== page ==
Is the Environment a "Jewish" Issue
Volume 3 , Issue 1 (Sept, 1989 | Tishrei, 5750)
The quality of urban air compared to the air in the deserts and forests is like thick and turbulent water compared to pure and light water. And this is because in the cities with their tall buildings and narrow roads, the pollution that comes from their residents, their waste, their cadavers, and offal from the cattle, and the stench of their adulterated food, makes their entire air malodorous, turbulent, reeking and thick, and the winds become accordingly so, although no one is aware of it.?
The words of the Rambam, written in 1198 in a work entitled,
early as pre‑rabbinic times, we learn of laws,
prohibiting cemeteries and tanneries anywhere within fifty cubits of town (Baba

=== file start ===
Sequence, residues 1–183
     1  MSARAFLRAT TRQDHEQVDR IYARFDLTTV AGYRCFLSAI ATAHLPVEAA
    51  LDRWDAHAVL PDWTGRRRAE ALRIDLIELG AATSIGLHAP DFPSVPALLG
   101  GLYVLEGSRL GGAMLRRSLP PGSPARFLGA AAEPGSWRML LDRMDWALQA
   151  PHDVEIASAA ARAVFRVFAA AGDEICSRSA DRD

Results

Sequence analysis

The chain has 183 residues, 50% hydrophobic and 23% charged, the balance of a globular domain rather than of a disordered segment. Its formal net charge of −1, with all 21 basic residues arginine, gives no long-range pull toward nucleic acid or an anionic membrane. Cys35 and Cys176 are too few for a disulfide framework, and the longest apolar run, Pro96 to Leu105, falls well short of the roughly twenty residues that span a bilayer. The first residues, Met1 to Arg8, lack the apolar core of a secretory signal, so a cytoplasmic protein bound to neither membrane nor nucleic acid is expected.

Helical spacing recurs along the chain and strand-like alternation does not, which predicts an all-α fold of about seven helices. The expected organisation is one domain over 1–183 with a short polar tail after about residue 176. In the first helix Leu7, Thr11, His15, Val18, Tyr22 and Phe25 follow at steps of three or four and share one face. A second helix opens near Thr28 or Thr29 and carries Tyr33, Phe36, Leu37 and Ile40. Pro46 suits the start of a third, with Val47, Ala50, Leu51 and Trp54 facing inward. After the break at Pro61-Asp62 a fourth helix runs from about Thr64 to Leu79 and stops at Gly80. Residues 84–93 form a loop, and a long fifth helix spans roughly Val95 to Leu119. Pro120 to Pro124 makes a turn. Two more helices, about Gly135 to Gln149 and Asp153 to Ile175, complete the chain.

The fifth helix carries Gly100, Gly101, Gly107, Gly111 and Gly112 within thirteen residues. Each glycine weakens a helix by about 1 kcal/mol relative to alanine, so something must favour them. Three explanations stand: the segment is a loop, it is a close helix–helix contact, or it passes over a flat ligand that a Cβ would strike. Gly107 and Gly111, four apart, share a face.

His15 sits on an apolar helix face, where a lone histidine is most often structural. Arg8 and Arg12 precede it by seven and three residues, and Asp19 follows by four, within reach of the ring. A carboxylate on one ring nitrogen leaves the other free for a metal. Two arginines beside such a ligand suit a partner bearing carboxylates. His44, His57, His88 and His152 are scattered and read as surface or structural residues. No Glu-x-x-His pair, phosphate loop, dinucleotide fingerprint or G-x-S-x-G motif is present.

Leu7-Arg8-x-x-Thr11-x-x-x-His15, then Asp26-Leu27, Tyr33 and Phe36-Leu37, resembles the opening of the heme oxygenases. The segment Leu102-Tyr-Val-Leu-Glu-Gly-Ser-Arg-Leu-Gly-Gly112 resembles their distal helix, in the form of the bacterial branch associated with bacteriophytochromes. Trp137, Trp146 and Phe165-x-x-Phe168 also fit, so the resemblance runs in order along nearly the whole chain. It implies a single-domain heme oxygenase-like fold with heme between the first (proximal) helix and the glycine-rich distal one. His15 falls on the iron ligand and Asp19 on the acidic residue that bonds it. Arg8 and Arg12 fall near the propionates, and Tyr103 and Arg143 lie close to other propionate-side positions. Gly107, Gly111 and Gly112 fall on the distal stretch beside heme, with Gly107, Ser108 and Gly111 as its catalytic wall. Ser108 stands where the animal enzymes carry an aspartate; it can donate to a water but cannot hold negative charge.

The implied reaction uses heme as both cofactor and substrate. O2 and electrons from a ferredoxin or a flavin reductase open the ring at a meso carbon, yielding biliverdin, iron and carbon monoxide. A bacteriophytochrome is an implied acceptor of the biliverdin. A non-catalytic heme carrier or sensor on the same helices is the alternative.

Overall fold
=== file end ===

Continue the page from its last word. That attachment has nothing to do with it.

Batra 2:9), which were promuglated
to prevent the pollution of the air. Indeed, the Babylonian Talmud records that
among ten special regulations that applied to the city of
does not ordinarily think of the environment as a Jewish issue, and in this
election year in which, in particular,?
mayoral candidates in New York are courting the Jewish vote with their yarmulkas, Talmudic erudition, love for Israel, and
memorials for kristallnacht, one would hardly
suspect that down to earth issues like landfills (no pun intended) recyclables
and sanitation would make a critical difference to the Jewish voter. Yet for
all its power and prestige, the office of mayor of
A story is told in the Midrash about an old man planting fig trees along the road near iberias in the Galilee. The emperor Hadrian admonished the man by saying: ?A hundred years old, and you still stand there breaking up the soil to plant trees. Do you expect to eat the fruit of these trees?? ?If I am worthy, I will eat,? replied the old man, ?but if not, as my father worked for me, I work for my children.? (Leviticus Rabbah 25:5)
Would that we had such a person to run our government.